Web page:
Crystal Hall, associate professor in the digital humanities, has fond memories of participating in the Brunswick Memorial Day Parade. She rode alongside her father and Rene Bernier, laboratory instructor/support manager and Science Center manager, as they gave rides in their World War II Jeeps to veterans. These experiences piqued her interest in cars, and as soon as she was old enough to hold a screwdriver, she began helping her dad in his garage.

Hall began seriously working on cars when she was 13. 

“We restored my Jeep before I got my learner’s permit so that we could go off-roading with it,” she said. 

Hall is currently in the process of creating a hot rod from a 1934 Dodge, a car of particular sentimental value as it is the same type of car her grandfather drove. She has restored one and half cars with her dad, but the ’34 Dodge will be the first hot rod she has built. 

Creating a hot rod is the process of drastically improving old cars—different from restoring cars, which is taking an old car and bringing it back to working order. 

Building a hot rod can be time-consuming and frustrating. For Hall and her father, it is more like a jigsaw puzzle. 

“The biggest challenge with the hot rod is that you have a completely blank canvas to work with,” said Hall. “My father and I are very meticulous about history and historical accuracy and being very precise in our work, but there isn’t a blueprint for how to make this hot rod, so it’s really challenging our creative side.”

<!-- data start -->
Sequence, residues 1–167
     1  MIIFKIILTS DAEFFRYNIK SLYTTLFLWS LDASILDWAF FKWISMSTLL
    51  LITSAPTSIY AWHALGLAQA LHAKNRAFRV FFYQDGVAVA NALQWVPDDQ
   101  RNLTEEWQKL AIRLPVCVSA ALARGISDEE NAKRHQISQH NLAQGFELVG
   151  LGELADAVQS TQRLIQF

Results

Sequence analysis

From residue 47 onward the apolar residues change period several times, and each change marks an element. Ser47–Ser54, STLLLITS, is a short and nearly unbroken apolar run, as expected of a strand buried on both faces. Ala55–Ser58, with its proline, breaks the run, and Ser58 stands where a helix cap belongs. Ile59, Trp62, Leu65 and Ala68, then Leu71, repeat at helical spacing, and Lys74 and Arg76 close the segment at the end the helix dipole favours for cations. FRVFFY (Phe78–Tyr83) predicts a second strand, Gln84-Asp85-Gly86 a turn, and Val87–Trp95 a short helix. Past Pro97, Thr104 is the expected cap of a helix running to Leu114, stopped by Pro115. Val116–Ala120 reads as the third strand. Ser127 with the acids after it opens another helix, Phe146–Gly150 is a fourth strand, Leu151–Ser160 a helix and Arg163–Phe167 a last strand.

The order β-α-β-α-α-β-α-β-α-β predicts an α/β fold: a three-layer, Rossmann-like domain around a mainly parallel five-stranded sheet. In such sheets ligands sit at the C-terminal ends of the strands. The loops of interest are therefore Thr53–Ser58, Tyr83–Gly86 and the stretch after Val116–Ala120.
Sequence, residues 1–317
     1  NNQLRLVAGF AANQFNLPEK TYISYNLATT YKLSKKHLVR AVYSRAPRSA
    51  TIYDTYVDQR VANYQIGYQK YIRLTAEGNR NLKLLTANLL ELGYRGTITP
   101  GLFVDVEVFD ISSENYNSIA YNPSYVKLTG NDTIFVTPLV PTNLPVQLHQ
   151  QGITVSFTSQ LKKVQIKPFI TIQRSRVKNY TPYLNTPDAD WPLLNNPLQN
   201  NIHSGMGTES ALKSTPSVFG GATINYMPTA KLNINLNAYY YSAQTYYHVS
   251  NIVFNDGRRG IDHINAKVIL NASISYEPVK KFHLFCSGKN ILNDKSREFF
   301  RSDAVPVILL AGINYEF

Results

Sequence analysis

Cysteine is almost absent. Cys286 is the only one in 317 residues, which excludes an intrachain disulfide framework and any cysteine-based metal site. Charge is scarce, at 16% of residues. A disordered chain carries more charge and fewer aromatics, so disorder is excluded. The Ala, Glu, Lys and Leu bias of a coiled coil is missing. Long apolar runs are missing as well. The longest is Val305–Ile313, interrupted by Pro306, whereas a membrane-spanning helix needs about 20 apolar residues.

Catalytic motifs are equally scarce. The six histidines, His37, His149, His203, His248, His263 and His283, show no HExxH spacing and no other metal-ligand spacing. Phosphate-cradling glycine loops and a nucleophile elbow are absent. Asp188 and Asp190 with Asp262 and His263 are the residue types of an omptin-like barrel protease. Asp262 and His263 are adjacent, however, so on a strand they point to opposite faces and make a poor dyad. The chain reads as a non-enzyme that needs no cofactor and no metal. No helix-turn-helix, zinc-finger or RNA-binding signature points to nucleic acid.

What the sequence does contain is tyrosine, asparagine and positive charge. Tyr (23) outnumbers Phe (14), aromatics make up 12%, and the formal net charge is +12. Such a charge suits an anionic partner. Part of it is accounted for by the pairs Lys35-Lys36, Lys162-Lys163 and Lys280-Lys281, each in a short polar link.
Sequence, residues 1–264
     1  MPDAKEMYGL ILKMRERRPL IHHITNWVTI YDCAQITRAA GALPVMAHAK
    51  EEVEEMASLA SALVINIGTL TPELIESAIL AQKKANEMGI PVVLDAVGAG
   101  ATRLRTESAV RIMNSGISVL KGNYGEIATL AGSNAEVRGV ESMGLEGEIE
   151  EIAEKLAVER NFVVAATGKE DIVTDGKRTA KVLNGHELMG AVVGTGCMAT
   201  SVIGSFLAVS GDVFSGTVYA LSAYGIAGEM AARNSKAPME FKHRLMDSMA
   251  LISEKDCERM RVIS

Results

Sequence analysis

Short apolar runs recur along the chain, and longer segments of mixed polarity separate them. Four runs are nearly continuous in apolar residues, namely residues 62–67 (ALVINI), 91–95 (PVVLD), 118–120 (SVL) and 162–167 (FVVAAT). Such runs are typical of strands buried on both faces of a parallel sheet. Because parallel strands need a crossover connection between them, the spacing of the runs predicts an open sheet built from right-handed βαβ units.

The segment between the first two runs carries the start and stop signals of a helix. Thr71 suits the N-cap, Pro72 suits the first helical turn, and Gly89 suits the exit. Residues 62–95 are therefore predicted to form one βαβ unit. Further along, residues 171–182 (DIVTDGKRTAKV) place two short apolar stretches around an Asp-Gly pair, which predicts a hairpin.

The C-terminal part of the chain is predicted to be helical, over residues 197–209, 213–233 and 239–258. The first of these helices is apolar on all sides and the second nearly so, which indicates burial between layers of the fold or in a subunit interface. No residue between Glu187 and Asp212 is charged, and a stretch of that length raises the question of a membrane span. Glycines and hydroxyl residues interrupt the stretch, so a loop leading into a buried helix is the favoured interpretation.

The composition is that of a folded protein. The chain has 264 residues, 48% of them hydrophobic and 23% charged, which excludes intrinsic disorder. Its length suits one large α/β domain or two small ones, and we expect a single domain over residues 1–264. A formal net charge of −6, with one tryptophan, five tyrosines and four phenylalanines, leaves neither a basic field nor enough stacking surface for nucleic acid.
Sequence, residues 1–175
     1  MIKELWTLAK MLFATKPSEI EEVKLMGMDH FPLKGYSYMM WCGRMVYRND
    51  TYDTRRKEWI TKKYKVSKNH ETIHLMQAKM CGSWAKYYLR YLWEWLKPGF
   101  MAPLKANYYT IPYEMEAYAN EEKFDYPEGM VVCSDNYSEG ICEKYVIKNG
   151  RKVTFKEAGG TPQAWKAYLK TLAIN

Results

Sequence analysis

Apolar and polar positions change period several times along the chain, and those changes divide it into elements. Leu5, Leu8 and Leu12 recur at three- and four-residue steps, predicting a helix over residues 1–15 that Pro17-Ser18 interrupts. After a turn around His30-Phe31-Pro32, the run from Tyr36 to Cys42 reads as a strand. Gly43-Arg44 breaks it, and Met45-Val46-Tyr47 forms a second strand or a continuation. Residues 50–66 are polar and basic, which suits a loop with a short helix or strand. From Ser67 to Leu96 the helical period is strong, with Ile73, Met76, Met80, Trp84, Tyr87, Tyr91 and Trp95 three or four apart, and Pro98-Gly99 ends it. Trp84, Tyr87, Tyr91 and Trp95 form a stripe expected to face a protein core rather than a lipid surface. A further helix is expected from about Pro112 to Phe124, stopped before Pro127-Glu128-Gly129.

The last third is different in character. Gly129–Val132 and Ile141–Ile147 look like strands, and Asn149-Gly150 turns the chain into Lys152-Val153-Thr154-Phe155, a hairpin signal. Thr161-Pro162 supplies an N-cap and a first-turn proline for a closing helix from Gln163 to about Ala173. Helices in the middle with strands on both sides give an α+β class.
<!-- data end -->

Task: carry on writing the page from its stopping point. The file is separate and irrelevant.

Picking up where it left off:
As a professor whose main focus is working with computers, working with cars allows Hall to clear her mind and get her hands dirty. Unlike coding, where the products are on a screen, the results of restoring cars are tangible and immediate. 

“It’s satisfying to code, but it’s a completely different satisfaction to clean something, paint something and put something together,” said Hall. 

Through her work restoring and building cars, Hall has noticed improvements in other areas of her life. She credits these improvements to the intelligence her dad has shared with her. 

“Watching him think and problem solve and the different ways he approaches problems has helped me to be more flexible and open to different ways of solving problems,” said Hall. “When you are coding, that’s the best thing you can ask for.”

Another benefit of creating a hot rod is having the ability to build it exactly to one’s needs. With the ’34 Dodge, Hall is planning to install a Corvette engine and transmission as a nod to her dad’s favorite type of cars. She is planning on picking a Porsche color for the car as a nod to her long-lasting infatuation with Porsches. 

“That’s where the amalgamation of parts and pieces of different places comes into play,” Hall said. “We’re picking from the things we really like and the flexibility of being able to put them together.” 

Hall and her father plan to begin the assembly process of the Dodge in September and hope to have it up and running by next summer. They went on a road trip to retrieve the car parts and plan to go on another one when the hot rod is finished. 

“I have a feeling hot rods are in my future for a long time,” said Hall.